The University of Bradford (UK) has taken delivery of the UK’s first Leica TRK700 Evo - a vehicle-mounted mobile mapping system capable of capturing two million data points every second to a resolution of 1mm.
The state-of-the-art device will be used to expand Virtual Bradford, the digital twin of the city, which initially covered 1.5 square miles of the historic city centre and has been expanded to cover Saltaire.
Professor Andrew Wilson, from the School of Archaeological and Forensic Sciences, said: “We’re delighted that the University of Bradford now has the very first Pegasus TRK700 Evo unit in the UK. This has been made possible by substantive investment from the Arts & Humanities Research Council’s (AHRC) Capability for Collections (CapCo) fund and has already been put to work documenting Saltaire World Heritage Site, as part of ‘People, Heritage & Place’, one of nine knowledge exchange projects funded through the AHRC Place Programme.”
Tom Sparrow, Senior Scientist in Visualising Heritage who has been at the forefront of working with data captured with the Leica TRK described the potential of this: “The first run with the new device captured the Canal Road link between the City Centre and Saltaire, as well as the entirety of Saltaire World Heritage Site in just two and a half hours – a distance of 29.18 km with 87,471 images and a total of 2,050,834,333 exported points.”
Professor Chris Gaffney, Pro-Vice Chancellor for Research & Innovation explained: “We enjoy a close working partnership with City of Bradford Metropolitan District Council and are delighted to see the importance of digital twins in place-based research at a time when Bradford is developing the runway to 2025 and Bradford’s role as UK City of Culture.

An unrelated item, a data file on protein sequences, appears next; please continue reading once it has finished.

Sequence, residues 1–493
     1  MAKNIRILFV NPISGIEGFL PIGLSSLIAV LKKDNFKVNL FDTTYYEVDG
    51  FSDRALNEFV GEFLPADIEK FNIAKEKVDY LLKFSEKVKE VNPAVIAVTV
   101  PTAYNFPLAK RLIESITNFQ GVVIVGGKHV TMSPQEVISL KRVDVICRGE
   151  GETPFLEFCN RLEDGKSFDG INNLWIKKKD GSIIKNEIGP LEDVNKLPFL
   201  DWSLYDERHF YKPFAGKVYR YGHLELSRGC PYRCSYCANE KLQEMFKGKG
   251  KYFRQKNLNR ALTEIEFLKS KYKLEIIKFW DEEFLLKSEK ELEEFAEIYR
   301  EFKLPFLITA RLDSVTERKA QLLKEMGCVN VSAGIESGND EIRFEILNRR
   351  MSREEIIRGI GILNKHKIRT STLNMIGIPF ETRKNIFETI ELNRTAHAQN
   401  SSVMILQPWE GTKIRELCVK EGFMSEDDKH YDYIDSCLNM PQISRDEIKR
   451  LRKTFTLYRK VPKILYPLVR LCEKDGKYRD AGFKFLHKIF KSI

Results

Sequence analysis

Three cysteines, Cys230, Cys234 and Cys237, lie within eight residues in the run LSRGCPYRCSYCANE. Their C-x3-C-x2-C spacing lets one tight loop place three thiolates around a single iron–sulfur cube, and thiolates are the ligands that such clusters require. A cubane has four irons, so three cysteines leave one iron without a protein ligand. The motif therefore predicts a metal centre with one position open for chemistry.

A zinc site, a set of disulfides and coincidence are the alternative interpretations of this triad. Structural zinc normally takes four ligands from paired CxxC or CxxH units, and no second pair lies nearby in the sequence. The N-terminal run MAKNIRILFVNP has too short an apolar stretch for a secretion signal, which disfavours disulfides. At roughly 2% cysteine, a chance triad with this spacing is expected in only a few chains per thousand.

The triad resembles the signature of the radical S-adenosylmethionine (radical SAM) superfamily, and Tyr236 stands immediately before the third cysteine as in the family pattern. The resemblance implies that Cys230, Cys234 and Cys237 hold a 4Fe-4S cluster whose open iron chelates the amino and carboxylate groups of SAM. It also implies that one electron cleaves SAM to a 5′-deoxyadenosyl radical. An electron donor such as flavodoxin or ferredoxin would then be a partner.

“As we continue to work together to extend the reach of Virtual Bradford, it is clear that the use of transformative digital technologies to develop digital twins will help the city, its residents and visitors in a multitude of different ways.”
The TRK is one of several new mobile mapping devices bought by the university through the AHRC CapCo scheme which paves a roadmap towards enhanced national capability for conservation and heritage science, amongst other applications. Further capabilities include a ‘BLK2FLY’ autonomous flying laser scanner and a ‘RTC360’ terrestrial laser scanner. They will use ‘SLAM’ (Simultaneous Localization and Mapping) technology, a method used for autonomous vehicles that enables users to build a map and localise vehicles in that map at the same time.
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